To find these potential mates we must develop a strategy. Just as there is more than one house we can fall in love with, there is more than one potential mate. If we increase the pool of available partners, we can then fall in love with any one of them. The trick is to set up our criteria, take appropriate actions, and then allow for nature to take its course.

A friend decided that he wanted to marry a woman who was beautiful, had considerable financial backing, and was of the same religion as he. He only dated women after he checked their family's financial standing with Dunn and Bradstreet, who belonged to his church, and whom he found to be beautiful. By surrounding himself with rich, beautiful women of the same religion, he could then allow himself to fall in love with any one of them.

What About Romance?

Romance and love at first sight are integral to our fantasies about mate selection. We love to hear stories about how people fall in love. We love the notion of two people gazing across a crowded room, eyes meeting, and love is in bloom. More often than not these people are in lust, not love. But this is not to say it cannot happen. However, it is unlikely.

More often love grows between two people who have a common connection. It is the common connection that binds us, love then blooms in the soil of mutual interest, mutual respect, and friendship. An intentional strategy for mate selection can increase the odds of this happening.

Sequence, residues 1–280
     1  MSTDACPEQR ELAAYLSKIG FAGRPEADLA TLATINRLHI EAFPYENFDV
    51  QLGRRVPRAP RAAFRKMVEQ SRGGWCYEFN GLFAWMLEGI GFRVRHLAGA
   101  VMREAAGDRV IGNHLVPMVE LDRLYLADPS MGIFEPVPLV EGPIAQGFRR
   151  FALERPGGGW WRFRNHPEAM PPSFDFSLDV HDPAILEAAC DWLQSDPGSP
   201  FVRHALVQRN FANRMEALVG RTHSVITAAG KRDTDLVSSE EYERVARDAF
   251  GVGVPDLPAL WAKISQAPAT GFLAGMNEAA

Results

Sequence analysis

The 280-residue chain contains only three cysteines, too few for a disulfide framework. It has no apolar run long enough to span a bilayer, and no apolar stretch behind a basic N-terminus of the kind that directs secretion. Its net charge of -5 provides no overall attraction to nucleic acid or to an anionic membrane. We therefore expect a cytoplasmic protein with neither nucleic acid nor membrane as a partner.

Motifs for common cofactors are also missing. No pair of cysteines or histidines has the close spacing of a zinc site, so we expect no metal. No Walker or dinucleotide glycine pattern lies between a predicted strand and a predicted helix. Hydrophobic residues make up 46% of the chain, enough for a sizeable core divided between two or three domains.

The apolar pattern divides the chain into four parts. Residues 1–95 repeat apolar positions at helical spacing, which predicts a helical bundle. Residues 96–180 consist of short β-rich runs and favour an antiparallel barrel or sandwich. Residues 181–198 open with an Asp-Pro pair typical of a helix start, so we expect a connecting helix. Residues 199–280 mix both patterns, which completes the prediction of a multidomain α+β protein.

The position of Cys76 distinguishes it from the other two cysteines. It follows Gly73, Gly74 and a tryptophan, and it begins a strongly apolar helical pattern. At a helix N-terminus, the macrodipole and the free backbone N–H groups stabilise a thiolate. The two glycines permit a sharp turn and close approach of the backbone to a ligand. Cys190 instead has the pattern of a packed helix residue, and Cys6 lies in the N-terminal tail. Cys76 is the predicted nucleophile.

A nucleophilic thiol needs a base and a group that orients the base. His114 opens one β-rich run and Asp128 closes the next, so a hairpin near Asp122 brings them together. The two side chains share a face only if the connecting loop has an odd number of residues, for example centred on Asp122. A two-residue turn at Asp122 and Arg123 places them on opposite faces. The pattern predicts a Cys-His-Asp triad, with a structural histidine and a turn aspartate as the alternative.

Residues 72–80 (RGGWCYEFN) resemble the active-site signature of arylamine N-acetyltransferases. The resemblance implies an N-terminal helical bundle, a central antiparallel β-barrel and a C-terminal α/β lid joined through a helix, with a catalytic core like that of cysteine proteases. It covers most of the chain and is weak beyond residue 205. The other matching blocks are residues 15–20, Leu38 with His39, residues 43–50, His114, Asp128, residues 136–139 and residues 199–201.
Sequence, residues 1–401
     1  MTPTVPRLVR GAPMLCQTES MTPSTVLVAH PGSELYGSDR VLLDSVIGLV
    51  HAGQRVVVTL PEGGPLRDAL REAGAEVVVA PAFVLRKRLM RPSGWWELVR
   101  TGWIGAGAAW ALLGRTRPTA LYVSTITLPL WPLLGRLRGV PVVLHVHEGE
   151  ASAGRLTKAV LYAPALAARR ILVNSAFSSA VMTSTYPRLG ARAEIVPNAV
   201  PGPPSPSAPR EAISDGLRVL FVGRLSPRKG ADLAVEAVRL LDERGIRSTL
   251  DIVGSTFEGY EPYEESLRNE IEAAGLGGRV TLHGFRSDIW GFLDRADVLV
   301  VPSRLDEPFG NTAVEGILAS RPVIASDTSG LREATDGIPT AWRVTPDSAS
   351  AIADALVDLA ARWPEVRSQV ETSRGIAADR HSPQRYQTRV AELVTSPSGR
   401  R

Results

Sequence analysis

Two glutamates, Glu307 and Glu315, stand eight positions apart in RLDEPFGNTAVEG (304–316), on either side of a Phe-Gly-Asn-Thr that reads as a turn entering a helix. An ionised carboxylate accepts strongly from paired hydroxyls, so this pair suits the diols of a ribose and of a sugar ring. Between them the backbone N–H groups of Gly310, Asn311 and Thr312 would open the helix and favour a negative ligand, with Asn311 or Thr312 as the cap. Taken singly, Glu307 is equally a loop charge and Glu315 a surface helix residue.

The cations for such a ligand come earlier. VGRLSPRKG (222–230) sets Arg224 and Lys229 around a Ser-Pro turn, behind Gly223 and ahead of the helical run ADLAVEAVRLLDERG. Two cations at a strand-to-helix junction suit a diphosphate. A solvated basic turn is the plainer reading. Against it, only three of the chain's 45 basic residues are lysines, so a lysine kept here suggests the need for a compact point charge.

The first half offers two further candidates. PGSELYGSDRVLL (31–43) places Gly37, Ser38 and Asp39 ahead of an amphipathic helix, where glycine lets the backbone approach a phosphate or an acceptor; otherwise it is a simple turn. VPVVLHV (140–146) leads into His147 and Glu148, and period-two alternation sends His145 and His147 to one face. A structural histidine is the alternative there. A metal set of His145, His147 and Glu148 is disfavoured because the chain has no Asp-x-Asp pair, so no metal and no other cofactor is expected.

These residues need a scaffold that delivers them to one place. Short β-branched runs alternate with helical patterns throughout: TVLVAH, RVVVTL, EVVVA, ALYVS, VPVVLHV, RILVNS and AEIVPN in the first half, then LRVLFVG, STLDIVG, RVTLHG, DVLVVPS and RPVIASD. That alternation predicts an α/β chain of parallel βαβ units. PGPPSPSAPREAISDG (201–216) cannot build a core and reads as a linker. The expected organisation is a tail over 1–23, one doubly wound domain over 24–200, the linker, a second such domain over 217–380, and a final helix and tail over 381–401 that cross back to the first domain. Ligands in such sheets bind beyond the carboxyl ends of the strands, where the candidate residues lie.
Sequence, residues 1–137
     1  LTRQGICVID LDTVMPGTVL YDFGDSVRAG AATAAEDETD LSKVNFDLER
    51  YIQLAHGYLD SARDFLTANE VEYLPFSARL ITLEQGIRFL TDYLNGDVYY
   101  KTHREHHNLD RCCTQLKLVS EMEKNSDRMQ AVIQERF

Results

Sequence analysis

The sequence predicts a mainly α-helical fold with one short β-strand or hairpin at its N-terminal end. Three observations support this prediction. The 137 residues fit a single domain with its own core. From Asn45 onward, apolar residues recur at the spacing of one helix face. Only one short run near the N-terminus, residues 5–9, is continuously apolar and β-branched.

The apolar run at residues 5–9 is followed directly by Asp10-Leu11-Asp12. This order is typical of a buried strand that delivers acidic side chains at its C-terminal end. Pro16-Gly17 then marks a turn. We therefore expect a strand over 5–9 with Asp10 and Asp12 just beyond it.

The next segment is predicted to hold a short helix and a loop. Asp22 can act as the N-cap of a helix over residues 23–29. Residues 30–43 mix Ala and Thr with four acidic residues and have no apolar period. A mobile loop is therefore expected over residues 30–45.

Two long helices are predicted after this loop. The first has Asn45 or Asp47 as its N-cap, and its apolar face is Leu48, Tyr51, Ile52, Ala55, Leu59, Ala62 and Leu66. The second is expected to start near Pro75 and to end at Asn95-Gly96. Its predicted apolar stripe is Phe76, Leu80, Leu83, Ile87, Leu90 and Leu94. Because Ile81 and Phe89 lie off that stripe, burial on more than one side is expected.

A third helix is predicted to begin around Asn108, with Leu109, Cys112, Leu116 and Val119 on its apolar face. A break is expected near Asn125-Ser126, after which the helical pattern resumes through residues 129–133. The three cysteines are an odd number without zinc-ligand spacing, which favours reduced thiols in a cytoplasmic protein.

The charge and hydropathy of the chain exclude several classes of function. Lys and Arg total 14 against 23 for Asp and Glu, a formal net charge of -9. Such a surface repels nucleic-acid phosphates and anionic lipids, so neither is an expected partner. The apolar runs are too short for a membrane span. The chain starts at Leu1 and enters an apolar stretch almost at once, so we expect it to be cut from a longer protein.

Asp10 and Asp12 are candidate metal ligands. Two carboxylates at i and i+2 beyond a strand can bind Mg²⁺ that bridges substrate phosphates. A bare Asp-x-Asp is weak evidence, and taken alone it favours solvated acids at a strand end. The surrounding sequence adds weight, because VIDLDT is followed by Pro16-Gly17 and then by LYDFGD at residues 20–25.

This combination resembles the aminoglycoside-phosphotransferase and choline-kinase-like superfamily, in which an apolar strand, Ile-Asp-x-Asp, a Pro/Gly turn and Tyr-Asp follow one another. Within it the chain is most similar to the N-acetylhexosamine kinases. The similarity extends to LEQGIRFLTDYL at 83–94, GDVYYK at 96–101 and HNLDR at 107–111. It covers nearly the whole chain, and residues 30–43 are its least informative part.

Think, for example, of the process we go through in selecting our "dream house." First we develop an idea of what we are looking for: one story, Mediterranean style, four bedrooms, large yard, in a particular geographic area, near schools, etc. We establish a price range. We may even get quite specific, because, after all, we will be spending a lot of time and money in this house. We want to insure, as best possible, that we will be happy in it. (Yet when it comes to choosing a mate we will go to a bar and hope we get lucky.)

Next we contact a real estate agent and tell the agent our requirements. We also drive around various neighborhoods on our own, read magazines and newspapers, make inquiries; in short we do our homework. Then the agent begins to show us around. Not infrequently we may spend many months and view many houses, sometimes hundreds of houses and even years, depending upon our particular preferences. All along the way we are collecting information and fine tuning our choices.

Finally, one day, we step out of the agent's car and find ourselves standing in front of our dream house; it's love at first sight! And that's what we will tell people. We eliminate the fact that we spent many hours, months, years, looking, searching, and refining before the "dream house." A similar approach should be used for mate selection. Only with mate selection it is even more difficult since the mate has to choose you as well, whereas the house does not.

Read Dr. Dreyfus' step-by-step strategy outline to help you come up with your own plan.



Dr. Edward A. Dreyfus is a Clinical Psychologist, Marriage, Family, Child Therapist, and Sex Therapist. Dr. Dreyfus has been providing psychological services in the Los Angeles-Santa Monica area for over 30 years. He offers individual psychotherapy to adolescents and adults, divorce mediation, couples counseling, group therapy, and career and vocational counseling and assessment.